Organ donor Harold Mintz talks about the “bread crumbs” that led him to an act of “extreme altruism.” He became one of the first people in the country to donate a kidney to a total stranger in 2000, when Gannett Belay came within days of dying. He was the subject of the documentary “1-800-GIVE-US-YOUR-KIDNEY,” featured at Mountain Film on Tour in Savannah.
Historians Mimi Rogers and Michael Higgins talk about the submarine attacks that killed 22 mariners off the coast of Georgia on April 8th, 1942. Rogers, curator of the Coastal Georgia Historical Society, and Higgins, a retired merchant seamen, describe the torpedoing of the SS Oklahoma and Esso Baton Rouge near St. Simons Island.
Archaeologist Laura Seifert of Armstrong State University talks about a Catholic school for newly freed slaves built shortly after the end of the Civil War on Skidaway Island. Seifert and her students are excavating the short-lived school site, which is slated to become a home near a golf course in a gated community.
Singer-songwriter Andrew Gill talks about his new band, Junkyard Angel, his old band, Wormsloew and the difficulty of keeping a band together. He also talks about his solo projects, including a new EP.
Los Angeles postal service worker and marathon runner Johnny Jameson talks about perseverance, legacy and “grinding that bad boy out.” A man of grace and humor, he was the subject of Vincent DeLuca’s film “Mile 19,” which chronicled his 31 annual marathons in L.A. The film was presented as part of Mountain Film on Tour Savannah.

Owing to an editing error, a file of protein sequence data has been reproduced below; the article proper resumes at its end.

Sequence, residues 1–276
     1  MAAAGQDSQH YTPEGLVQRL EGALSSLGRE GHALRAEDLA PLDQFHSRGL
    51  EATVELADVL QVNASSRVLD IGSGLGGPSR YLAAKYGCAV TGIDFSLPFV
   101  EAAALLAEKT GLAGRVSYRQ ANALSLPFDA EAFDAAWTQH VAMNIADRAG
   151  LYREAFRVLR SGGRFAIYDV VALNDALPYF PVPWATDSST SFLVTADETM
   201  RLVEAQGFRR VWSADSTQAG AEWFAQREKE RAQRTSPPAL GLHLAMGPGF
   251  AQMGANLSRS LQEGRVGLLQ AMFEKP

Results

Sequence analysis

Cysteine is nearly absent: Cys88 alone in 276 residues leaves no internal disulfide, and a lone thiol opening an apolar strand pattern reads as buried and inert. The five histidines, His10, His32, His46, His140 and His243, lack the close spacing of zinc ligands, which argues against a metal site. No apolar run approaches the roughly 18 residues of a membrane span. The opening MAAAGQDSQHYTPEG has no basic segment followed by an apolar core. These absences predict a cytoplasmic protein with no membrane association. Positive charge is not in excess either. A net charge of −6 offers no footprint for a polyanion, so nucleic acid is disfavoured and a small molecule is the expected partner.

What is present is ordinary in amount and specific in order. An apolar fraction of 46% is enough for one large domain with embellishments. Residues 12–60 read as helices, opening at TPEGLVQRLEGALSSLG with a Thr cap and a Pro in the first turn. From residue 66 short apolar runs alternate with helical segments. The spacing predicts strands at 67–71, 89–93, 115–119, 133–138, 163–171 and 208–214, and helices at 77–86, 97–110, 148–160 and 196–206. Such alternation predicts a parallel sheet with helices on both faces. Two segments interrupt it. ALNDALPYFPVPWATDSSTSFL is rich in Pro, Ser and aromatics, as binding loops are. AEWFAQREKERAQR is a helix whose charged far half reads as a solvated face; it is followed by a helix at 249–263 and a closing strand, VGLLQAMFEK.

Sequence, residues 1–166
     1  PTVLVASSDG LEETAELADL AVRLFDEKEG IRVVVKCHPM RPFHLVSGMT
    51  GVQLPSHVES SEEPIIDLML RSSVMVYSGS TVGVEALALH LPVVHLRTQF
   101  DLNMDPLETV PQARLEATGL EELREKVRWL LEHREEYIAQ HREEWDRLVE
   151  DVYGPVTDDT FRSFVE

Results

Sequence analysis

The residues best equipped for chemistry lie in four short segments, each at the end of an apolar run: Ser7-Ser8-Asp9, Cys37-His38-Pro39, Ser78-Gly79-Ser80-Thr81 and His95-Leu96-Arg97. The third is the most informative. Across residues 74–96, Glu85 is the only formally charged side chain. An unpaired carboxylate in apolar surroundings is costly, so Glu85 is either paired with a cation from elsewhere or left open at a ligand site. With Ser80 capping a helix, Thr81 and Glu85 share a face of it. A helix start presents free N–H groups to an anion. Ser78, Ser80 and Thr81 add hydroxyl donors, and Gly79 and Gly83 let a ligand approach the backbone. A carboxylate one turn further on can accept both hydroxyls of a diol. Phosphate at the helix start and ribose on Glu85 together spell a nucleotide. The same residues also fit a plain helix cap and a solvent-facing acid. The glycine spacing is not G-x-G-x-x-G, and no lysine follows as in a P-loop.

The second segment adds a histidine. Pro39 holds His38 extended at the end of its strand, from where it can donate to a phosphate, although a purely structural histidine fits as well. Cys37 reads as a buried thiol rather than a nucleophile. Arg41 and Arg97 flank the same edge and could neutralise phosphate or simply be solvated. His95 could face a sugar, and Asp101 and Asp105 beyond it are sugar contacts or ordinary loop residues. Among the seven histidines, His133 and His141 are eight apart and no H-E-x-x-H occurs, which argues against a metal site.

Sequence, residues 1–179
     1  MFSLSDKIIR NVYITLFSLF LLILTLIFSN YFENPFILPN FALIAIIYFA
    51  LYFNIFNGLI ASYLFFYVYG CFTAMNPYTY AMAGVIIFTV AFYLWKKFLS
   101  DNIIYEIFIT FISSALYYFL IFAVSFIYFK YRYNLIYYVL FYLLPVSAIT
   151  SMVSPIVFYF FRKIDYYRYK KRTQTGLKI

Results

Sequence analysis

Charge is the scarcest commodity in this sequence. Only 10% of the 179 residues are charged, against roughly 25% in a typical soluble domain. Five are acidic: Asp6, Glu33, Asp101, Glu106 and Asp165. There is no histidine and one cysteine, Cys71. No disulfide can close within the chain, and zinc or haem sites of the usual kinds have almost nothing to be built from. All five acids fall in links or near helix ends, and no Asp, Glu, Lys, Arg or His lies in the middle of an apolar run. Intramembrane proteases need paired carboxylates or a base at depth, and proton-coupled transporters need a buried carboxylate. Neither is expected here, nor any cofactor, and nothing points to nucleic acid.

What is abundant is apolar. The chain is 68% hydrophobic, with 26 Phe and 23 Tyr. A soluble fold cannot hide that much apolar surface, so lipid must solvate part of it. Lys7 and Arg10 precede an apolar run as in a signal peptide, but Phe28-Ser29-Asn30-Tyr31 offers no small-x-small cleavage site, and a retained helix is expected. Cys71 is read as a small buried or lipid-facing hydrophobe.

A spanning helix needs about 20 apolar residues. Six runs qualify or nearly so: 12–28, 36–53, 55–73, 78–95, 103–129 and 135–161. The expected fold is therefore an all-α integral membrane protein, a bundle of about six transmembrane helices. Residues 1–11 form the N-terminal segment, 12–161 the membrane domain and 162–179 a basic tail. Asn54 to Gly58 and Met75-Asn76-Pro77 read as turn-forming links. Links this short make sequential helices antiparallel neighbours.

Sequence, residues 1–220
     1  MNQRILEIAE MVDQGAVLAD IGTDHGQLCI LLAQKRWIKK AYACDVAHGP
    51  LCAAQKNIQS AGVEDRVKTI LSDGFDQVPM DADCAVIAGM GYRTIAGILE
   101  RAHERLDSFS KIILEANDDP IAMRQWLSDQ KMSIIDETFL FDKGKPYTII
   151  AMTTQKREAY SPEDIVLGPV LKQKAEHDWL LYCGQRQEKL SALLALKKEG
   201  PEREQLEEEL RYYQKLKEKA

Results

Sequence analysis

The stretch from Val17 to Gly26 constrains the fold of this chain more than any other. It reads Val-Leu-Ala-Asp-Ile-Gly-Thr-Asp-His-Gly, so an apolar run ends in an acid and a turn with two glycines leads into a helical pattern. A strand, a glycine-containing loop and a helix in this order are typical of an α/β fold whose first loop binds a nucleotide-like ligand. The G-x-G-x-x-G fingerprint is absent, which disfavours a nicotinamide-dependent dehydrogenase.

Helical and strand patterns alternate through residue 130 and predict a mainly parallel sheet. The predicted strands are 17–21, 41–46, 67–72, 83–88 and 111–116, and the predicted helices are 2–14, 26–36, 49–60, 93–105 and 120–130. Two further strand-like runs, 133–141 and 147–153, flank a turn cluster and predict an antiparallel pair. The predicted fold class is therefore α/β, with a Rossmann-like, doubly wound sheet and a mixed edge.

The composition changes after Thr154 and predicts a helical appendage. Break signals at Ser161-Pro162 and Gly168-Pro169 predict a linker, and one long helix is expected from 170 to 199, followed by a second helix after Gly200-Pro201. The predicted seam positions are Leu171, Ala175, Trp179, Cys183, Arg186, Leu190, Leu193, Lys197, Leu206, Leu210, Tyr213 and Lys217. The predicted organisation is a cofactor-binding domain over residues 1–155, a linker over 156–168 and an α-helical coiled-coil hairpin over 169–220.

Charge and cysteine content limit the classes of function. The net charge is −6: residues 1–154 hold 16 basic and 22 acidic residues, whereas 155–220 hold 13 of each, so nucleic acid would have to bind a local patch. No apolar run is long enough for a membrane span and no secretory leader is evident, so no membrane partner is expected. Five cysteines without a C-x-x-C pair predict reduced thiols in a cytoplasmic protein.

Interior designer Lisa Pinyan of LS3P talks about her profession, what she considers her favorite projects and trends in the industry. She has designed schools, libraries, corporate headquarters and other projects in a career with architecture firms.
Remote-controlled car racers talk about their hobby. Their club, the Savannah-Chatham Off-Road Racing Enthusiasts (SCORE), and its outdoor track, the Phil Hurd Raceway at Lake Mayer, are celebrating 30 years of racing little cars.
Savannah Rape Crisis Center director Kesha Gibson Carter talks about what only can be called a terrible year for advocates like her. From Stanford to Access Hollywood, the messages haven’t been good. What can we do to counter the culture?
Photographer Jill Stuckey talks about her colorful images of Ossabaw Island. Longtime island caretaker Roger Parker talks about his work as Georgia’s “saltwater cowboy.” The couple are featured in a new book, “Ossabaw Island: A Sense of Place,” published by Mercer University Press.
Singer-songwriter Isaac Smith talks about his transition from sacred to secular music. A pastor’s son, he started writing his own music when he moved to Savannah a few years ago. His voice and style are very “of the moment.”